As soon as i received a script, I started on the breakdown and created a prop list including all the props mentioned in the script.
I started thinking about different aspects to help me chose which exact props to get:
- How can I convey character through the item?
- Which specific item would they have had at that point in time?
- How is the item used and how would that show on the item?
Thinking about question one, I had the idea of assigning a specific type of wood to each character, so that each character’s items would be made from different, characteristic wood. Solid, aged oak to represent the history of the main character. Slender, treated but seasoned pine for the wife. Fresh, young pine for the child: A bright wood with tones of subtle red, almost mirroring his delicate skin and condition.
Question 2: Example of the matchbox safe.
I tried to do research on every object in the film, asking the question which specific item the character would have had access to and would have used. For example, I purchased a book called “what Thommie took to war”, which gives information on everything a WW1 British soldier would have used in the trenches.
When researching how and what Eoghan would smoke, I found out that WW1 soldiers would protect their precious matches with tin matchbox holders. The most common brand to deliver them to the front was Bryant and May’s. Thinking he would probably have kept this item of great use, I tracked one down on the internet and bought it.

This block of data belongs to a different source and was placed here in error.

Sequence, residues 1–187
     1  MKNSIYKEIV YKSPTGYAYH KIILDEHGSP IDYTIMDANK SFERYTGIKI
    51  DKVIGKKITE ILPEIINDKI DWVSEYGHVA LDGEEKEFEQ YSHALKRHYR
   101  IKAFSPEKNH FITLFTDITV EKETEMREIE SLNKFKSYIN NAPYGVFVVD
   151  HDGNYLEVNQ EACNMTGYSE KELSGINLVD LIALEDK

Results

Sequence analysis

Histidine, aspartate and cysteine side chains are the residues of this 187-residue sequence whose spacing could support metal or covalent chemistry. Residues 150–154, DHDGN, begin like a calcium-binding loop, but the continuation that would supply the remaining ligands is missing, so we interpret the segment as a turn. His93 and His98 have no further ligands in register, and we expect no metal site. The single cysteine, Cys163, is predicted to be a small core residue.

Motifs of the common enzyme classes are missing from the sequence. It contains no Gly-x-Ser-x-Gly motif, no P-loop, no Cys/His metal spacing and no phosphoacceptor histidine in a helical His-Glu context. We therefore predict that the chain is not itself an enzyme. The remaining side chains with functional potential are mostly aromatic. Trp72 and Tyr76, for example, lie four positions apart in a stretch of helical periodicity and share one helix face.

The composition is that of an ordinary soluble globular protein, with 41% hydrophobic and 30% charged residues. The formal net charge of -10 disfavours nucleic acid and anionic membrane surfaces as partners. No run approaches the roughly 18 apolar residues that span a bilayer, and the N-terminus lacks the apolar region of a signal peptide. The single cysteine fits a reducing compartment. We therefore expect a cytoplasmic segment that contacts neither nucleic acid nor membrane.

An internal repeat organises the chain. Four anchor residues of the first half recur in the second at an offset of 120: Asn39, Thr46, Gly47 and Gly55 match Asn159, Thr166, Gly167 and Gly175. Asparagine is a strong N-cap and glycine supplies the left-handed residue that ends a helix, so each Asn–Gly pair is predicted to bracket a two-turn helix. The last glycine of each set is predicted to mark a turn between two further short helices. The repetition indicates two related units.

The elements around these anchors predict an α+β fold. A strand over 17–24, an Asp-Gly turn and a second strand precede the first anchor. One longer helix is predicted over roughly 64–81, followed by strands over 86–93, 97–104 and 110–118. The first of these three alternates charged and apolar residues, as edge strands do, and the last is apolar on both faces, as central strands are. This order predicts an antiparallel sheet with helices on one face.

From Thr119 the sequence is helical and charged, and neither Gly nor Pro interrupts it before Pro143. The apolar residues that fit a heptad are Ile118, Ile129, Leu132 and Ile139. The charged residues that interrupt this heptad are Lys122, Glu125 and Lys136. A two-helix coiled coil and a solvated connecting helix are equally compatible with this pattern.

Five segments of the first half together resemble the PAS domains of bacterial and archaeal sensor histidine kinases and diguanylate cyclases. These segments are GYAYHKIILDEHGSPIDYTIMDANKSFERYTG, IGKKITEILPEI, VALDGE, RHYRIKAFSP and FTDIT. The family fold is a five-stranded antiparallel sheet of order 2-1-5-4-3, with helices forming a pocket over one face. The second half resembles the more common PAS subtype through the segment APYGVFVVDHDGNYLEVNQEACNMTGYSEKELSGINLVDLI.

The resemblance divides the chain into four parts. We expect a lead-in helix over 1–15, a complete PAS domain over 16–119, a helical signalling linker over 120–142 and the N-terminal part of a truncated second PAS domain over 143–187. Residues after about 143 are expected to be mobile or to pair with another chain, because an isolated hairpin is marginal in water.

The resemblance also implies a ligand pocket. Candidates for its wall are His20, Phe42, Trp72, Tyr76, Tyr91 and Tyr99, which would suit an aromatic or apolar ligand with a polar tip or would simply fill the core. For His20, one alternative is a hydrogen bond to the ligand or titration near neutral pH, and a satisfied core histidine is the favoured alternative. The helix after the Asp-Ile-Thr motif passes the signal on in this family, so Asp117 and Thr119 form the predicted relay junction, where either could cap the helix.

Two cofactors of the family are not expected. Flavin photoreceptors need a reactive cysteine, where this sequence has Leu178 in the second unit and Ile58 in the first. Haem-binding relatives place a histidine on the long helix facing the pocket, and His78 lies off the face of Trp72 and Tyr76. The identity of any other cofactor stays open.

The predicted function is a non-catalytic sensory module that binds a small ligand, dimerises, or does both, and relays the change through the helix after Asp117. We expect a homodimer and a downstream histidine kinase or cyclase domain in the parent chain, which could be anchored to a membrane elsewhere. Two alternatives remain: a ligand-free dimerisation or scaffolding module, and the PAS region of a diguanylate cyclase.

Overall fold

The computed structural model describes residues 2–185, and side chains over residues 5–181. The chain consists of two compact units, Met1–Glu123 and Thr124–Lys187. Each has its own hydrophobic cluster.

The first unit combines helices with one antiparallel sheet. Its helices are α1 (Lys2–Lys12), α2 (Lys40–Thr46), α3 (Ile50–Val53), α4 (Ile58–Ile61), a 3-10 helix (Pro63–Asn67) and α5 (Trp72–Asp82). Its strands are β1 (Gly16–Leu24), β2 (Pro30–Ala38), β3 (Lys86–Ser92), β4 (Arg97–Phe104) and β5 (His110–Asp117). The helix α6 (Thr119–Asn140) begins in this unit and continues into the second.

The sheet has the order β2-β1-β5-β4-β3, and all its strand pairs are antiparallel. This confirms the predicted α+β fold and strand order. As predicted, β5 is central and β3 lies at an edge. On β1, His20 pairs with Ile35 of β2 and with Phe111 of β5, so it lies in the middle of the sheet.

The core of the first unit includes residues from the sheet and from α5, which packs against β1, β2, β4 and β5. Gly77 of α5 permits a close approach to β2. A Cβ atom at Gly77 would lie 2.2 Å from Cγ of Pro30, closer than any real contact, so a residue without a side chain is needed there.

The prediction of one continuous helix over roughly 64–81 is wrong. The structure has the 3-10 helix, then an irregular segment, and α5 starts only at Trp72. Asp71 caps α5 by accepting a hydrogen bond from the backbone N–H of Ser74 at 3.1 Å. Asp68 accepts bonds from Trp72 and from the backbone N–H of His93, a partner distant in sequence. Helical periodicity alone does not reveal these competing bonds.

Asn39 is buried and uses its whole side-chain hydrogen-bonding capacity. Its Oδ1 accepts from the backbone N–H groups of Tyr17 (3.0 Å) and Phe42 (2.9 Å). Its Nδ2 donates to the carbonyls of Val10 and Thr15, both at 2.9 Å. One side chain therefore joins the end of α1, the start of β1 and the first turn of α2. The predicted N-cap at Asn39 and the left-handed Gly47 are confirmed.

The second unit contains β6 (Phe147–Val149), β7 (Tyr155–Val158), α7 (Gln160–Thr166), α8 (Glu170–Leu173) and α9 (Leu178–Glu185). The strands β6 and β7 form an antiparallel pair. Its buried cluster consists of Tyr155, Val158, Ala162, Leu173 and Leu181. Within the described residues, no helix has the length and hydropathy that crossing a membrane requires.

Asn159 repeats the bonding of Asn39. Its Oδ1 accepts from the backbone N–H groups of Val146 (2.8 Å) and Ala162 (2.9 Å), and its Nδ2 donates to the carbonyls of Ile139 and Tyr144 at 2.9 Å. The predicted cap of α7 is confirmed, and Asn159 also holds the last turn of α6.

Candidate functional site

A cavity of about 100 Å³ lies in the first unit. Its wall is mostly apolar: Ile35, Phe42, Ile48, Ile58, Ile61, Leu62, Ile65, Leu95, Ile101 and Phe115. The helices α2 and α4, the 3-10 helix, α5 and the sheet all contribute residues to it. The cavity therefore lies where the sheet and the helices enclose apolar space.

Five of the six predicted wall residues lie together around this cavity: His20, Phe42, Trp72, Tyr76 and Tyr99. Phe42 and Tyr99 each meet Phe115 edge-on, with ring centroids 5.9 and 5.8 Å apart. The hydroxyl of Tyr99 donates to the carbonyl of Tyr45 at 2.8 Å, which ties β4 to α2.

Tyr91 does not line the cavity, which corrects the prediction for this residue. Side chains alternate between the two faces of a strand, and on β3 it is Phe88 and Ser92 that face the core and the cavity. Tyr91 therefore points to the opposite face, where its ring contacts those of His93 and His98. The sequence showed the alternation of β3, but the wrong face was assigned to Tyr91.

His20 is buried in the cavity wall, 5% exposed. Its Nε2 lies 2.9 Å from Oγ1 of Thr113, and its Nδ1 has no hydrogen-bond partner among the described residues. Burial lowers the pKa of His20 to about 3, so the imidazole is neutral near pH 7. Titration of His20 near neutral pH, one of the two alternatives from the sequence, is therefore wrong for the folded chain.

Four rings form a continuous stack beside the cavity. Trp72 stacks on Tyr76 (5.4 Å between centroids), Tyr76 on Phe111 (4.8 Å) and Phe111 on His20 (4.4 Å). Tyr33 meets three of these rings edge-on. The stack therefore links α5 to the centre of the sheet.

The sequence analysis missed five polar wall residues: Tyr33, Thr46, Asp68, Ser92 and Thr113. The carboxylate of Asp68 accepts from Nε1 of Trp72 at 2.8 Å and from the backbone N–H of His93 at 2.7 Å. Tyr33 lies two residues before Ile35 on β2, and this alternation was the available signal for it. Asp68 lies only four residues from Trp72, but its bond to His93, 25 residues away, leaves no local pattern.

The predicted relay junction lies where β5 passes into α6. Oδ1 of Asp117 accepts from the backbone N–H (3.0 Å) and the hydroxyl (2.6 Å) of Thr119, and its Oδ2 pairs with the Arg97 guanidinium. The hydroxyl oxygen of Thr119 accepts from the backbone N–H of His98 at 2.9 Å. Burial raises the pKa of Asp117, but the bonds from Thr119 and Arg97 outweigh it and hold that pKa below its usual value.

Question 3: How is the item used and how would that show on the item?
When we think about items from 1919, rusty, scratched antiques come to mind. However, one has to keep in mind that those items were a great deal more new and better kept then they are now. People will look at your props and might say “I think that looks too new for that time!”, but they were new at that time and people looked after them. So one has to investigate what signs of use the specific objects would actually show. For example, I tracked down a traditional potato dipper which looks in good condition. However, after the meal was finished, the children back then would grab the dipper, scratch through the cooking pot and nibble the crusty potato remnants from it. So the sign of use was actually just tiny teeth marks on the edge of the dipper.